A beautiful meditation on how we learn to stand at the gates of hope in troubled times.
“How are we so optimistic, so careful not to trip and yet do trip, and then get up and say OK?” Maira Kalman asked in pondering happiness and existence. What is it that propels us to get up after loss, after heartbreak, after failure? What is that immutable rope that pulls us out of our own depths — depths we hardly know until that moment when the light of the surface vanishes completely and unreachably?
That’s precisely what the Reverend Victoria Stafford explores in a gorgeous essay titled “The Small Work in the Great Work” from The Impossible Will Take a Little While: Perseverance and Hope in Troubled Times (public library) — a soul-stretching collection of reflections by such luminaries as Pablo Neruda, Maya Angelou, Diane Ackerman, Alice Walker, Bill Moyers, and Nelson Mandela, edited by social activist Paul Loeb and titled after Billie Holiday’s famous song lyric, “The difficult I’ll do right now. The impossible will take a little while.”
Stafford considers what motivated the men and women who marched in the first LGBT pride parades four decades ago — what beyond courage and imagination. In a beautiful sentiment that calls to mind Charles Bukowski’s poem about the irrepressible impulse that drives creative work, Stafford channels what these visionary marchers might tell us:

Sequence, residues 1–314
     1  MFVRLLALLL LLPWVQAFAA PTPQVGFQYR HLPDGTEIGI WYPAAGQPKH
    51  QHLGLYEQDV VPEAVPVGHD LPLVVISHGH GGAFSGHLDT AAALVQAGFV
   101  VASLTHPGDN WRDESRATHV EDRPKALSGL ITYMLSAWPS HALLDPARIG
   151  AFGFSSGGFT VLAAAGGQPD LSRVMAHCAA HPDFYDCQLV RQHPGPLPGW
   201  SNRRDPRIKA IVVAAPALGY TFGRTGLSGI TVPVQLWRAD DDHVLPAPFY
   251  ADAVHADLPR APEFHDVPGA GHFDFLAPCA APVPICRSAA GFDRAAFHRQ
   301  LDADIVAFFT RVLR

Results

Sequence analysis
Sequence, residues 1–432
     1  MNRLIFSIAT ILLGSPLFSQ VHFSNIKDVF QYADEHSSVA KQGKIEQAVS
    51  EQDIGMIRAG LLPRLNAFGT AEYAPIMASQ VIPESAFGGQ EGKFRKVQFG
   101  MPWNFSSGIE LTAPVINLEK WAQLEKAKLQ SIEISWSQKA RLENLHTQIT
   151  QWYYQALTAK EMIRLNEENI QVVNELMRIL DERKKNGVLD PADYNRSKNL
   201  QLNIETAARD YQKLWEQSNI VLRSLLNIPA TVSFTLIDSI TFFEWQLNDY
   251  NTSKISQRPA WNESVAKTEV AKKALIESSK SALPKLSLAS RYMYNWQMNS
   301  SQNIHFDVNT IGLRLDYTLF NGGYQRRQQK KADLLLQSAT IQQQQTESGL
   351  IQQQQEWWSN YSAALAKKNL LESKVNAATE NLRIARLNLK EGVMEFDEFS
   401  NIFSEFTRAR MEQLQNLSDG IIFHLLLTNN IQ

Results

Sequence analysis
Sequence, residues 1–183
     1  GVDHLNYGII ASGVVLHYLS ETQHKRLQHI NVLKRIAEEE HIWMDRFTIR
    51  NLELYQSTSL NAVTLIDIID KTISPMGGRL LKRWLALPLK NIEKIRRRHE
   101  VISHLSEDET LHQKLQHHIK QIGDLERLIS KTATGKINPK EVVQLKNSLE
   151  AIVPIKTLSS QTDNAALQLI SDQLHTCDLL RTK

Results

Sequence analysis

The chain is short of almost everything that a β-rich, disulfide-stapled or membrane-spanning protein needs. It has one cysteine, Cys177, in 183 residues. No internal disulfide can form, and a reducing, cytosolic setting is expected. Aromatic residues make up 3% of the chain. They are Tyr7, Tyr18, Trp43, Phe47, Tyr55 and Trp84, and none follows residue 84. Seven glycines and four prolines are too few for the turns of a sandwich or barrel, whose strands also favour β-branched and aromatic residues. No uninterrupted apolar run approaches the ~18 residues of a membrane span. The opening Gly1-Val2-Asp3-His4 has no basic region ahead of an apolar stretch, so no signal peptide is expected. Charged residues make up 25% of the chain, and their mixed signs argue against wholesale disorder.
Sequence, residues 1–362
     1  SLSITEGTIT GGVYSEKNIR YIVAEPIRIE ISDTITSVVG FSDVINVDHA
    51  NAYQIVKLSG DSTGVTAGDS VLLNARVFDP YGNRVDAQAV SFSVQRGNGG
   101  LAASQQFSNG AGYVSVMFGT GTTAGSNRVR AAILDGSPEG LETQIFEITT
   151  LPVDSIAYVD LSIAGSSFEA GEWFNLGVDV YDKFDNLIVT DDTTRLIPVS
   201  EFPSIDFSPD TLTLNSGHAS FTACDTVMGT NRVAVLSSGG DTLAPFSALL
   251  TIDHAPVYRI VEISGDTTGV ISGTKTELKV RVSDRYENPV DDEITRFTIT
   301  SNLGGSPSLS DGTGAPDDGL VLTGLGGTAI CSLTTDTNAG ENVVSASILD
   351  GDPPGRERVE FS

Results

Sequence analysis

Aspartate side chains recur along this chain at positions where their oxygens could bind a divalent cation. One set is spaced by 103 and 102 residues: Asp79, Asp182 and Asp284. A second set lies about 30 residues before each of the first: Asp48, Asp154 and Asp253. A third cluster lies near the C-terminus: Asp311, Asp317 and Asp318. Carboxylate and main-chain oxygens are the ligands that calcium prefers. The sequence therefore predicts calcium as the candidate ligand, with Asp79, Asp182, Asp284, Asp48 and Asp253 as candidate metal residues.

Once you have glimpsed the world as it might be, as it ought to be, as it’s going to be (however that vision appears to you), it is impossible to live compliant and complacent anymore in the world as it is… And so you come out and walk out and march, the way a flower comes out and blooms, because it has no other calling. It has no other work.
I am interested in what Seamus Heaney calls the meeting point of hope and history, where what has happened is met by what we make of it. What has happened is met midstream by people who are — among the multitude of things we are — spiritual beings and all that that implies of creativity, imagination, crazy wisdom, ancient wisdom, passionate compassion, selfless courage, and radical reverence for life. And love—for one another absolutely, and that love that rises out of us, for something larger than ourselves, call it what you will. I am interested in the place, the places, where history is met by the hope of the human soul, life’s longing for itself. I am interested in hope on this side of the grave — for me there is no other kind — and in that tidal wave of justice that could rise up if only we would let it.
Reflecting on the “particular, precise disaster” of September 11 and how “silence made its holy way” among those bearing witness, Stafford argues that this longing, this hope, is all the more piercing in such moments of unholy din. She illustrates this with a poignant anecdote:
I have a friend who traffics in words. She is not a minister, but a psychiatrist in the health clinic at a prestigious women’s college. We were sitting once not long after a student she had known, and counseled, committed suicide in the dormitory there. My friend, the doctor, the healer, held the loss very closely in those first few days, not unprofessionally, but deeply, fully — as you or I would have, had this been someone in our care.